This week in the Daily Dose, Dr. Laura asked, “What was your first job, and what did you learn from it?”  We received numerous responses – some endearing, some insightful, and others just plain amusing.  Here are just a few…

From Georgia:
 
My kids definitely fit into the outline of today’s show about youth and their excuse-making about not being able to work for this reason or that. I was anxious to get a first job as soon as I was legally able (15).  I worked at a grocery store, then a florist shop, then a restaurant, then a flower farm. Besides the money, I learned to keep a schedule, be dependable, be conscientious, be creative, be appreciate days off, be easy to work with, and most of all, I learned about all these different types of industries and the time and energy it took to be a successful business owner. I also learned that bosses don’t want to hear excuses. Also, I learned that you have to check your problems at the door and focus on the customers…it wasn’t about me the minute I clocked in. I have two teenagers, both working age. My son, 17, is convinced that he doesn’t have time for a job because of all his Advanced Placement classes. He and his teachers have convinced him that he’s actually helping me by not working because he could get a full ride scholarship somewhere. I don’t agree. I try to undo this logic everyday when he asks me for money for this or that by telling him he needs to get a job. I believe that having a part-time job while in high school should be required for graduation. Thanks for all you do Dr. Laura!

Shirley’s response: 

At the age of 82, I look back with pride that my first summer job at age 14 was delivering food trays to patients at our local hospital. My next summer job at age 15 was working at Woolworth’s. At age 16, I worked as an office file clerk after graduating from high school. There were only 11 grades, seven years in elementary and four years of high school. Marriage and raising kids when wives stayed home and husbands went off to work was a wonderful memory for me, unfortunately, I became a widow at age 36 with two children. From then on, working outside the home became a necessity. Needless to say, each of my two children also had a strong work ethic, worked hard through college, and today have wonderful jobs. I believe that the work ethic for any child should start at an early age.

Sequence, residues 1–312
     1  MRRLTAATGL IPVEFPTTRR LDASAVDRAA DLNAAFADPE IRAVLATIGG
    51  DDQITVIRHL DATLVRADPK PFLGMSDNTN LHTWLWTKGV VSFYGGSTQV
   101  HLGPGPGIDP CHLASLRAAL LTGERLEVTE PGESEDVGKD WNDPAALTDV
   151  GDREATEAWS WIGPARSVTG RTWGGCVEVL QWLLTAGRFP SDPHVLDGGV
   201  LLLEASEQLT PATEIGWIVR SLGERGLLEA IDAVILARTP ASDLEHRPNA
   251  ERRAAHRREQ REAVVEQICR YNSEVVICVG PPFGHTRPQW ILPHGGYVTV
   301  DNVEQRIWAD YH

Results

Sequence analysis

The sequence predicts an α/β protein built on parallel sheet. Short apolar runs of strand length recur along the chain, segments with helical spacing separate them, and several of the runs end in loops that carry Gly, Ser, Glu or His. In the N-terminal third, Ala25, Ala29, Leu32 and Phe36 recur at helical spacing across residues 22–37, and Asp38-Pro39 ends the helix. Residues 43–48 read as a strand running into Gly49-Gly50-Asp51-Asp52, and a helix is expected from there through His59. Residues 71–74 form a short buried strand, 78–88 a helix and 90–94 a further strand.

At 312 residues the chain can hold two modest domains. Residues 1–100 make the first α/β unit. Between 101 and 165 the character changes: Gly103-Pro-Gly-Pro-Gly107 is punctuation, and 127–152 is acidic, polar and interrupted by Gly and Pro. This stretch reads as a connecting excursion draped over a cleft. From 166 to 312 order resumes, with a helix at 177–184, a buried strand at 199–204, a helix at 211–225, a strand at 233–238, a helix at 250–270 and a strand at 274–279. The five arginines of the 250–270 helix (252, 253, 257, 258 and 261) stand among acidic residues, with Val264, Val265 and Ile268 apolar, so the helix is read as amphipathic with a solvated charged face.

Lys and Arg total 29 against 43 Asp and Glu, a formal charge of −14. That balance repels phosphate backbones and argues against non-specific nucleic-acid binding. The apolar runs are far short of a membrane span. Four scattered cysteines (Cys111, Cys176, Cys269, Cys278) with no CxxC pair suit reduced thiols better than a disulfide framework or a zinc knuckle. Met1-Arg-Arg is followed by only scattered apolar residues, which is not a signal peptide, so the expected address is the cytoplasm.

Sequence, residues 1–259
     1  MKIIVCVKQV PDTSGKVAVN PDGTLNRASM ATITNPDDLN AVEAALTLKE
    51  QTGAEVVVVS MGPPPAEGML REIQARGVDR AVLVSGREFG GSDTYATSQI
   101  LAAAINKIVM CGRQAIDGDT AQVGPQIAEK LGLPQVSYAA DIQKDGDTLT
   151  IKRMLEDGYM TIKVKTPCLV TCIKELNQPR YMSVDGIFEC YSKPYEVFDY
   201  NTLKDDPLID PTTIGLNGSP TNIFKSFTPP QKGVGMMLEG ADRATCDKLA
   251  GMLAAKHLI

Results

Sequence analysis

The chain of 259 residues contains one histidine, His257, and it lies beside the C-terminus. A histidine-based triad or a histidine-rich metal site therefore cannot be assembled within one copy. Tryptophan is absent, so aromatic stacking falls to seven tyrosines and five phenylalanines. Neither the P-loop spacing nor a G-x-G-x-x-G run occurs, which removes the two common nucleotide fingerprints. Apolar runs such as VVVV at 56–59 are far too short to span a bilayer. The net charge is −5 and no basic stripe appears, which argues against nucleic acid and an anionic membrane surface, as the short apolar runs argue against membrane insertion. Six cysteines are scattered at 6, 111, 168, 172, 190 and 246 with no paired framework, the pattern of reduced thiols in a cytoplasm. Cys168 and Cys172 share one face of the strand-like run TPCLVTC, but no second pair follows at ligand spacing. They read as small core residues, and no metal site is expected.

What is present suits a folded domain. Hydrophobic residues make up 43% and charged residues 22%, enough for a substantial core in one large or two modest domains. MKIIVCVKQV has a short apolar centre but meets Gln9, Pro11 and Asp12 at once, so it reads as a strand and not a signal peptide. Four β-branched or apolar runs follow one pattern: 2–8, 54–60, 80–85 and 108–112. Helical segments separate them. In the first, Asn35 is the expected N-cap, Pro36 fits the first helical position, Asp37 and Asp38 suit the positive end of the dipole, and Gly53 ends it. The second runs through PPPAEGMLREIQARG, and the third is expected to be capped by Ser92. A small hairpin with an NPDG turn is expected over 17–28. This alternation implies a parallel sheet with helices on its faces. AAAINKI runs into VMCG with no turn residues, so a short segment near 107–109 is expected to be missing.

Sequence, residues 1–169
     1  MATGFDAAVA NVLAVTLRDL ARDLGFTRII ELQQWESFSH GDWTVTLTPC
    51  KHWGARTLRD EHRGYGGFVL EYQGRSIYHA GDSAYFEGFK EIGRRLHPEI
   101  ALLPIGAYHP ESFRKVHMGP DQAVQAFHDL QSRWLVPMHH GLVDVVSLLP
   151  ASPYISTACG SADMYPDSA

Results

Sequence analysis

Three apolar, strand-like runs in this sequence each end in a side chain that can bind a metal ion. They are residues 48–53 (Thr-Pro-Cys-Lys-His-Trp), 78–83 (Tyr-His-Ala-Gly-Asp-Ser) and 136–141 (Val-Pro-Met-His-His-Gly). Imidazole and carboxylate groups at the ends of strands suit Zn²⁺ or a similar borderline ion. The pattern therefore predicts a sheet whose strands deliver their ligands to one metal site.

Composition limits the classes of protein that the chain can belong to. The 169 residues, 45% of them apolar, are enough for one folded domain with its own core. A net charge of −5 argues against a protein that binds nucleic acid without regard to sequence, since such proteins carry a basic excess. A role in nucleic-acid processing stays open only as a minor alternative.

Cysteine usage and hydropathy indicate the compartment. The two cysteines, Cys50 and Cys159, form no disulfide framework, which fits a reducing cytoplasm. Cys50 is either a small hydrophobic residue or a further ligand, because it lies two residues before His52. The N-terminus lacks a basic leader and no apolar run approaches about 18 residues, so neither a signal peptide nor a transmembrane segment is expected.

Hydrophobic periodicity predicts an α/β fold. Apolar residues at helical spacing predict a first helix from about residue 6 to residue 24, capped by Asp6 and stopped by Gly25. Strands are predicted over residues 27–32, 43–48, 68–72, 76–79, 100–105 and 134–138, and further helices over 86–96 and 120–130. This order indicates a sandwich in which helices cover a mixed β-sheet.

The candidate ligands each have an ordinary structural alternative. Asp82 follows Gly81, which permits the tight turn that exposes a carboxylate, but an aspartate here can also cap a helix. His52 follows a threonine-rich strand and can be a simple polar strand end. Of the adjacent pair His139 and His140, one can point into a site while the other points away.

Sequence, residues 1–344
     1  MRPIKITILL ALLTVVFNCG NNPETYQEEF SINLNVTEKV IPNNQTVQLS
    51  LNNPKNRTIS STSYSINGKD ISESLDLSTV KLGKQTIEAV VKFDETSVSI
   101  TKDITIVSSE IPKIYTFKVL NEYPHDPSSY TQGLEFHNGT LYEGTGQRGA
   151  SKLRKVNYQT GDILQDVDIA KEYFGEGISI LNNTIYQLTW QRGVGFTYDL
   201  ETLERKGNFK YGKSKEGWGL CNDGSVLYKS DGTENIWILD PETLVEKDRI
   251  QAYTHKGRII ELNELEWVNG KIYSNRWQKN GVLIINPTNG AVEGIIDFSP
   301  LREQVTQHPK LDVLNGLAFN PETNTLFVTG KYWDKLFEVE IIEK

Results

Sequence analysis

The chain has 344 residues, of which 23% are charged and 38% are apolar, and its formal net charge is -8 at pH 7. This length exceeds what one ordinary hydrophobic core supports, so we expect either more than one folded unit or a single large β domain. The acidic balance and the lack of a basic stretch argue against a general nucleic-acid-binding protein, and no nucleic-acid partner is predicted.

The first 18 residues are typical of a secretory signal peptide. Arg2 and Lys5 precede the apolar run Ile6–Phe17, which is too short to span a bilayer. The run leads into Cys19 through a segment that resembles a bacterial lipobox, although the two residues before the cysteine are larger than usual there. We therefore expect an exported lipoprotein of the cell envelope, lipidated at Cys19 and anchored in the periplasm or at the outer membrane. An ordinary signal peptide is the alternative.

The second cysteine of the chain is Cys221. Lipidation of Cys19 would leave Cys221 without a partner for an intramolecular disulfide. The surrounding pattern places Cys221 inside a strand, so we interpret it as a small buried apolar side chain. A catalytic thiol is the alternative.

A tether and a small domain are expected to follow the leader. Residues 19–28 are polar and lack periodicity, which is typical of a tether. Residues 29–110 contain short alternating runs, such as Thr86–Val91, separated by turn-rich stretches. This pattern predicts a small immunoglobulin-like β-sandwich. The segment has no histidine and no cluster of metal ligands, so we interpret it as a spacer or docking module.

Kim recalls:

I was just shy of 16 and went into an area grocery store to ask for an application. They said, “Come back in two weeks,” so I did. It was for a courtesy clerk position and although it was not a glamorous job, it paid better than any other start-out job. I had done my research! I learned a TON from working and being accountable to society and learned to budget money and paid for things like my first car and repairs and insurance. I learned that sometimes I would be missing social events because “I had to work.” I had to get uncomfortable at times and stand up for myself, and also ask for time off or cooperate with others and trade shifts. This is something you cannot just tell kids to be. You have to walk through it to get the character building life lessons. I have three children and they see friends get everything handed to them so it is becoming difficult to explain why that is not good for them in the long run but I hold my ground and expect them to earn things, and I am willing to “help out” but only when I see mutual participation in what they want and need in their lives.

Fiona writes:

My first job was at a donut shop. I was 15 and my mother had to sign a paper saying it was OK for me to go to work. We waited on customers of course, but we also had to learn to glaze, powder, fill etc. the donuts after the baker made them. I earned $1.65 an hour and there was a big sign on the wall that said “no tipping.” Pooling tips was unheard of back then.

We worked our backsides off! During our busy times, people were 3 deep (and cranky) at the counter. That was 40 years ago. I think hard work has an intrinsic value to the human spirit. It doesn’t matter so much what you are doing but that you work hard, do the best job you can, and be grateful that you have the ability (and opportunity) to do so. Yes, it really does build character!

Nita reminisces:

My first summer job as a youth in Ohio was riding in back of a covered pickup truck with shorts, halter and lunch sack, and several other young teens with high aspirations of having summer spending money! There were about 2 dozen of us per truck and we were transported about 20-30 minutes away, depending upon facility to detassel hybrid corn by hand in the hot summer sun every weekday early in the morning – 7 am until about 3 pm in the afternoon! After a long day, hot and sweaty, tired and hungry, we headed home with the knowledge that working hard would bring us much-desired rewards in the end. I did this for two summers and will never forget the overall positive experiences I gained. We learned to deal with many kinds of people, including supervisors who kept us on schedule and feeling accomplished.


Original Source


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